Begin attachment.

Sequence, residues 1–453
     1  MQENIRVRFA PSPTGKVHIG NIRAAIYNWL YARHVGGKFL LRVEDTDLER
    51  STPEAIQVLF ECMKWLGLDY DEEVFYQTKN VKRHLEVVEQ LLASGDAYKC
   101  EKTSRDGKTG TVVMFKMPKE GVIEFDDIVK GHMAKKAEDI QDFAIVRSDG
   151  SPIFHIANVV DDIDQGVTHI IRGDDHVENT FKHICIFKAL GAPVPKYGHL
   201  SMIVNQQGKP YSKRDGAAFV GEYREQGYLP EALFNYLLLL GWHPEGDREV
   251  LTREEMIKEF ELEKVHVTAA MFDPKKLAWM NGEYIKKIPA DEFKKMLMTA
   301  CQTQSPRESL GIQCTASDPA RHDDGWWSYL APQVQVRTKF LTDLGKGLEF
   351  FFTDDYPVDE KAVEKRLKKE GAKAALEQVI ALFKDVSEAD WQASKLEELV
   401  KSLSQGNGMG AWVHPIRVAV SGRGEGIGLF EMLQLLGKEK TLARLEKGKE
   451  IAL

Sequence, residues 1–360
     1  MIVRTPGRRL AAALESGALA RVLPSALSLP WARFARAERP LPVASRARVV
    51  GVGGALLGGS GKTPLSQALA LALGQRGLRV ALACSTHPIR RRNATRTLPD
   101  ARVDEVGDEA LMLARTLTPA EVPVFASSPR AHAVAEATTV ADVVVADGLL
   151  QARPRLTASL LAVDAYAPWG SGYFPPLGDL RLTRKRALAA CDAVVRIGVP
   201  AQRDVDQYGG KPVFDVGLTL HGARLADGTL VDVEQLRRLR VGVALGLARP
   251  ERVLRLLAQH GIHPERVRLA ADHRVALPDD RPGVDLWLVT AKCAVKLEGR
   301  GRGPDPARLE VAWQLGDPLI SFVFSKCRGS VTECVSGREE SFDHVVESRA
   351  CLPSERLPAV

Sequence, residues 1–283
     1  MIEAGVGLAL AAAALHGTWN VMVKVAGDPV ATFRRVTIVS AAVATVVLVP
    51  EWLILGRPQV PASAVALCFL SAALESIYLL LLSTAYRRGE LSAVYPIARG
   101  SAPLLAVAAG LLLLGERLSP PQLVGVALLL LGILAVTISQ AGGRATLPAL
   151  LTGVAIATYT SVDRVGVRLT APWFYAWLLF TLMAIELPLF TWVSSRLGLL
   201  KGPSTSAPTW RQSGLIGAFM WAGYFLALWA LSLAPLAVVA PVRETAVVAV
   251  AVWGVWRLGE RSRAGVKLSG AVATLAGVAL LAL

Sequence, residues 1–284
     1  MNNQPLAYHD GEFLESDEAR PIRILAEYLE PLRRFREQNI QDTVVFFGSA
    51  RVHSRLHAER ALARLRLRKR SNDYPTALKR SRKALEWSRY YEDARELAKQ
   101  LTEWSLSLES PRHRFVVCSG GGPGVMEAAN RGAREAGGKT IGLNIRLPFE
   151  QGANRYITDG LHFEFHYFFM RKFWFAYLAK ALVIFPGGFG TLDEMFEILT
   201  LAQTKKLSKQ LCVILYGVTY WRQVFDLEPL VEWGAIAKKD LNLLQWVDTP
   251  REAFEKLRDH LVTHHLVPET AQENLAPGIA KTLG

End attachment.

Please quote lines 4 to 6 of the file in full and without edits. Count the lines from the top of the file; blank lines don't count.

   101  EKTSRDGKTG TVVMFKMPKE GVIEFDDIVK GHMAKKAEDI QDFAIVRSDG
   151  SPIFHIANVV DDIDQGVTHI IRGDDHVENT FKHICIFKAL GAPVPKYGHL
   201  SMIVNQQGKP YSKRDGAAFV GEYREQGYLP EALFNYLLLL GWHPEGDREV